Weekend of winter sports excitement
MARQUETTE – This year’s Midnight Run dog sled race was more in the spotlight this year for local spectators, what with it finishing in Marquette instead of Munising.
That made the exciting Saturday finish of the 90-mile, eight-dog race even more notable.
Jake Golton of L’Amable, Ontario, and his dog team crossed the line first at Mattson Lower Harbor Park at 10:43 a.m. Five seconds later, Kris Sampson of South River, Ontario, finished the race with his team.
Golton’s actual race time was 8 hours, 17 minutes and 38 seconds.
Even though he was the victor and the winner of the $2,300 top prize, Golton said: “It feels more like a tie, I guess.”
Golton, who was competing in his first Midnight Run, said the first part of the race was slow and snowy.
But after the required 5 -hour layover in Chatham, things sped up.
Sampson, who won $2,000 as runner-up, said he and Golton left Saturday morning from the Chatham checkpoint about 20 seconds apart, and then began to take turns in the lead, chatting and laughing.
But the Midnight Run still is a competitive event, and Golton took off during the last five miles, Sampson said.
“It was a good race,” Sampson said. “That’s a race.”
It could have ended differently. Sampson said one of Golton’s lead dogs stopped for a bathroom break, allowing him to make up some ground, but the temporary halt in action didn’t prevent Golton from winning the race.
This year’s race was the first Midnight Run for Golton and Sampson, who knew each other before the event.
“We don’t train together, but we race against each other a fair bit,” ” Sampson said.
The Red Lantern winner finishing last was Brian Kandler of downstate Mason, who finished 23rd. Six teams were scratched from the 29 that started the race in downtown Marquette Friday evening.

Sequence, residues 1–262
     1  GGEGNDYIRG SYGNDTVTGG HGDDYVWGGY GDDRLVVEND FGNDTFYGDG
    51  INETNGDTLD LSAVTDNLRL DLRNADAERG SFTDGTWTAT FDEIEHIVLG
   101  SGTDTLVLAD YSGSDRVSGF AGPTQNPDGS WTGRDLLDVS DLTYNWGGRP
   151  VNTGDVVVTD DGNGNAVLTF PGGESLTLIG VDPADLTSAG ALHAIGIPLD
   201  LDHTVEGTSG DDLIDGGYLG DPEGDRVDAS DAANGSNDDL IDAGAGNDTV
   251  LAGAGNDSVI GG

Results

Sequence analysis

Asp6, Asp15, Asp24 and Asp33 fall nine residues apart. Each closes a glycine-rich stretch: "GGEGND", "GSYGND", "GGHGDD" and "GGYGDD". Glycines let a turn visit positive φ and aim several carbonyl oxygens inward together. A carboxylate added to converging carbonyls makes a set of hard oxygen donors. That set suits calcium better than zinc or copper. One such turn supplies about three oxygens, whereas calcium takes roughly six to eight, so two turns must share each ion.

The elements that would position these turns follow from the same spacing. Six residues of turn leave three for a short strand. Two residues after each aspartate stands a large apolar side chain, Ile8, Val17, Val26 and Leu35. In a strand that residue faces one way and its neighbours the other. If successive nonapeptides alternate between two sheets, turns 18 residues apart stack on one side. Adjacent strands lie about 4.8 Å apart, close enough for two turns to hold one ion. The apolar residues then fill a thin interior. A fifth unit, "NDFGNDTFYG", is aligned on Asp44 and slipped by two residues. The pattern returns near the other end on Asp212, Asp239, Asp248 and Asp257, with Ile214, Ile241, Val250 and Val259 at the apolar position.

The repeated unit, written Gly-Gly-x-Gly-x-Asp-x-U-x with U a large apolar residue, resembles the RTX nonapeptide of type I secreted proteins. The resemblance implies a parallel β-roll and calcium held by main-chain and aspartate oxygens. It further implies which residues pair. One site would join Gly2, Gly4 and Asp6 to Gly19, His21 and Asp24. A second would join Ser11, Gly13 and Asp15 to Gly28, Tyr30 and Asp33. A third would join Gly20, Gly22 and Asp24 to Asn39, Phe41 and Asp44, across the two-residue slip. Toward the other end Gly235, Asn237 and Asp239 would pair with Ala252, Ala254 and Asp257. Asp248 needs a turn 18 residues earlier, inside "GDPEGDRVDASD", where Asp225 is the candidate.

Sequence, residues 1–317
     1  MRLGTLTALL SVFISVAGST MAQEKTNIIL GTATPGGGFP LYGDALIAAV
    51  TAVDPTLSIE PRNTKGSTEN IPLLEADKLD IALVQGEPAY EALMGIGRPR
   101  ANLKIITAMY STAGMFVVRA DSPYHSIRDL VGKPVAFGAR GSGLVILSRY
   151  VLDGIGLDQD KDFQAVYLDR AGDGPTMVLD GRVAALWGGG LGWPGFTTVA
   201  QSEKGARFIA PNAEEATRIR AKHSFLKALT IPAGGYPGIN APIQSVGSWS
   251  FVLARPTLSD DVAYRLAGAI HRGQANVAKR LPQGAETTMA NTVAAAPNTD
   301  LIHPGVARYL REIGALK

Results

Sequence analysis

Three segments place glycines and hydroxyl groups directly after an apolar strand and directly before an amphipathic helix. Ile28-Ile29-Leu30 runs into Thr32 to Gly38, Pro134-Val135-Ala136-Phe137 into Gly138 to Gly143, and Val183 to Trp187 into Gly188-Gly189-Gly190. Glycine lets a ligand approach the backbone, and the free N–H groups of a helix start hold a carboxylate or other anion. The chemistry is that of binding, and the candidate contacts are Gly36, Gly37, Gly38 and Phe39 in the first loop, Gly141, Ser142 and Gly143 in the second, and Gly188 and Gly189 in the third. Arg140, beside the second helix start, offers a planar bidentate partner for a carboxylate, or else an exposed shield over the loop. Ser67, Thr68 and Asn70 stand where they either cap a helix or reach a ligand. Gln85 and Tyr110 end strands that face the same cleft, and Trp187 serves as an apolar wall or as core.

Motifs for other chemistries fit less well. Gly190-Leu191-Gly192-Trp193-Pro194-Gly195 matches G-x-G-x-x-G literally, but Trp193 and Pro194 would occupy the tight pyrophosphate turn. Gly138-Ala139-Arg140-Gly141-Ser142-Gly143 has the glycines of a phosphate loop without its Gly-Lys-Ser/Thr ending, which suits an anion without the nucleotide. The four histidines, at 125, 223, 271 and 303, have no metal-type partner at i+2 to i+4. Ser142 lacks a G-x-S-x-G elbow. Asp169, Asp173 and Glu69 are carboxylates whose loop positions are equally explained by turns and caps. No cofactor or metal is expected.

Race results for the Midnight Run can be viewed on the UPSDA website at www.up200.org.
In the U.P. 200 Sled Dog Championships third race – the Jack Pine 30 – Matt Sturmer of Bruce Crossing won the 26-mile race that began and finished Saturday in Gwinn. Sturmer, who won the $200 first-place prize, finished the race in 2 hours, 31 minutes and 41 seconds. A total of 19 mushers registered for the race.
Torreano said of the six scratches in the Midnight Run, one dog team immediately halting after one of the checkpoints and refusing to continue.
“Trail conditions could have been tough on some dogs’ feet,” she said.
However, Torreano noted six scratches isn’t a bad number for a race.
Anna Sanford, Midnight Run volunteer coordinator, said she was pleased with the new Marquette-to-Chatham route because the trail offered a decreased risk of injury, plus the mushers were happy to experience finishing at the Lower Harbor.
“It gives more of a sense of importance to the Midnight Run,” Torreano said.
Chatham checkpoint coordinator Sarah Kimball said: “The mushers are just very, very pleased. They’re very happy. They like the recognition.”
With 29 teams originally taking off from downtown Marquette on Friday, spirits also were high.
“The camaraderie of all the Midnight Run mushers is just great,” Kimball said.
Christie Bleck can be reached at 906-228-2500, ext. 250. Her email address is firstname.lastname@example.org.